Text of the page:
Manuel Godina is another one of those victims from the case files.
The 76-year-old Gainesville resident, speaks mostly Spanish and bought a Toyota at Gatorland. He ended up paying $10,000 more than the retail price of the car. Godina was talked into the sale after signing paperwork in English, which is not his first language.
“These are not bad judgment business practices, they’re illegal,” Brian Johnson, Godina’s son-in-law, said.
Johnson said when he heard how much his father-in-law paid for the car, he knew something was fishy and he contacted Seniors vs. Crime.
“We were just dumbfounded at the whole thing…that someone could literally take advantage of people in such a disastrous way without conscience,” Johnson said.
Seniors vs. Crime helped resolve and settle Godina’s case, but with incidents like this, often the elderly victims don’t even tell their families once they realize what’s happened.
Caravella says the majority of people who come through his office often feel naïve for having fallen victim.
“And we try to tell them to not feel embarrassed…let’s go over the facts and let’s see what happened and try and resolve this,” Caravella said.
So far, that path of resolution has spanned more than a year.
Alachua County and Gatorland Toyota isn’t the only place where this type of predatory business practices have been happening, officials said.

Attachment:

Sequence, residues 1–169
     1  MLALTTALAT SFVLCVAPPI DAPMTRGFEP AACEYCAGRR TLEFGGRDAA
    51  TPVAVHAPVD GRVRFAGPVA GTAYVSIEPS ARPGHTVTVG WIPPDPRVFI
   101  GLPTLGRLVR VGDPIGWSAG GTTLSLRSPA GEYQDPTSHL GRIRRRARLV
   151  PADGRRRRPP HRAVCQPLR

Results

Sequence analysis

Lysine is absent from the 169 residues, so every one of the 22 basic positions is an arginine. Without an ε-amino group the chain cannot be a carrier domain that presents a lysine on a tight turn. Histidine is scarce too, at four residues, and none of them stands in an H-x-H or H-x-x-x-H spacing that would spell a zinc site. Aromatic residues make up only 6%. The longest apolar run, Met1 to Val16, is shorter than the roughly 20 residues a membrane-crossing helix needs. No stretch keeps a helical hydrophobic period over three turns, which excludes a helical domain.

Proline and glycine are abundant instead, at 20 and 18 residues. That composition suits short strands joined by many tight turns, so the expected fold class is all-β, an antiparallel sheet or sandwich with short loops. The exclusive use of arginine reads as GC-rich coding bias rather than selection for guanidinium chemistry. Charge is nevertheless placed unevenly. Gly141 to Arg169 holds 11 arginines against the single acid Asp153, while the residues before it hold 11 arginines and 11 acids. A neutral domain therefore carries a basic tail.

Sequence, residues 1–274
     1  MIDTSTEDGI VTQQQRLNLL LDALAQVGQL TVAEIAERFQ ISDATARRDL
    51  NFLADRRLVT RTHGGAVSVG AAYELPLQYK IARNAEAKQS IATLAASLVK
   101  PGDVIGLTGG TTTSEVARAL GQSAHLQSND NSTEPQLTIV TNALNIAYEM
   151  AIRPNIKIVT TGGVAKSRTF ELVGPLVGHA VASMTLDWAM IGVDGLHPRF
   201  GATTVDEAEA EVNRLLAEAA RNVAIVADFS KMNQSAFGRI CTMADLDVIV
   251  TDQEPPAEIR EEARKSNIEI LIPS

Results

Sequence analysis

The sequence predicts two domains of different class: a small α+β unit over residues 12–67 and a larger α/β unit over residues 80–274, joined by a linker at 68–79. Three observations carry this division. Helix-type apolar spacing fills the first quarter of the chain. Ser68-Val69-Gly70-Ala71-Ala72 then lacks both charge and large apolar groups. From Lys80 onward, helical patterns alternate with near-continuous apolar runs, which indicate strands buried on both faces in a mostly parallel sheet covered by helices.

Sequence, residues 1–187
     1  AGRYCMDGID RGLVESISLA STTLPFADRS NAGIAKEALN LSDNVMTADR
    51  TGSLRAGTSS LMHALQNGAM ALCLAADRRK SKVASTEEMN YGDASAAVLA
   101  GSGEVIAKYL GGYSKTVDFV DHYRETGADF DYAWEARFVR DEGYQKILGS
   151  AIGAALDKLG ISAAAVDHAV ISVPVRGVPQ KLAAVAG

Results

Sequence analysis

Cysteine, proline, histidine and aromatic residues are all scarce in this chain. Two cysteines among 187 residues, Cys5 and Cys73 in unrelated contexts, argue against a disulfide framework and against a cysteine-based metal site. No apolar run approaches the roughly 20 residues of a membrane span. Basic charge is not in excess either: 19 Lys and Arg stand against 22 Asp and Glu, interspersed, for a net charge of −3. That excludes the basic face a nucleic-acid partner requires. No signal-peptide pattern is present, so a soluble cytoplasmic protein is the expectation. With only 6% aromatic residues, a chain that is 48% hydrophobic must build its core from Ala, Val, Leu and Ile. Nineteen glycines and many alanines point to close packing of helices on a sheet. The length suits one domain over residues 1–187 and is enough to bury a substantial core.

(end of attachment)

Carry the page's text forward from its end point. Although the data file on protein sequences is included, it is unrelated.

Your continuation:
“We’ve worked cases in Ocala; we’ve worked cases here in Gainesville,” said Barbara Thomas, regional director for Seniors vs. Crime. “I think we’ve had cases in Leesburg. I’m not familiar with all the cases throughout the whole state of Florida, but I’m sure it probably happens throughout the whole state.”
After being contacted by the local Senior vs. Crime office, the Gainesville Police Department launched its own investigation into the activity at Gatorland Toyota.
But GPD Spokesman Ben Tobias said the investigation has not turned up anything conclusive or anything within the department’s jurisdiction.
“As for now, the original complaints that have come into us…we have looked at a criminal aspect…we didn’t find anything criminal, but that doesn’t mean that the book is completely closed,” Tobias said.
The attorney general’s office is currently investigating a case involving Gatorland Toyota, but officials would not comment while they investigate.
If you have any information about these practices, whether you’re a victim yourself or not, you’re encouraged to contact the Seniors vs. Crime office.
Seniors vs. Crime Tips for Protecting Yourself When Purchasing a New Vehicle
The points below can relate to purchasing a new car, Caravella said.
- Test drive the vehicle you intend to purchase.
- Ensure the federally required new car label (Monroney Label) is affixed to the vehicle you intend to purchase.
- Compare the written sale contract’s price for the vehicle to the manufacturer’s TOTAL price listed on the Monroney Label.
- Do not accept any charges or fees on the sale contract that come from a dealer-applied new car window sticker, which is not a Monroney Label, or fees that any non-manufacturer has printed on the Monroney Label.
- Ensure that all extra costs in excess of the Monroney Label’s TOTAL price for the vehicle are disclosed in writing on the sale contract.
- Do not sign a sale contract that contains any blank lines or is missing a Grand Total cost.
- Do not allow the dealer to remove the Monroney Label until you have formally purchased the vehicle; and then retain it with your records.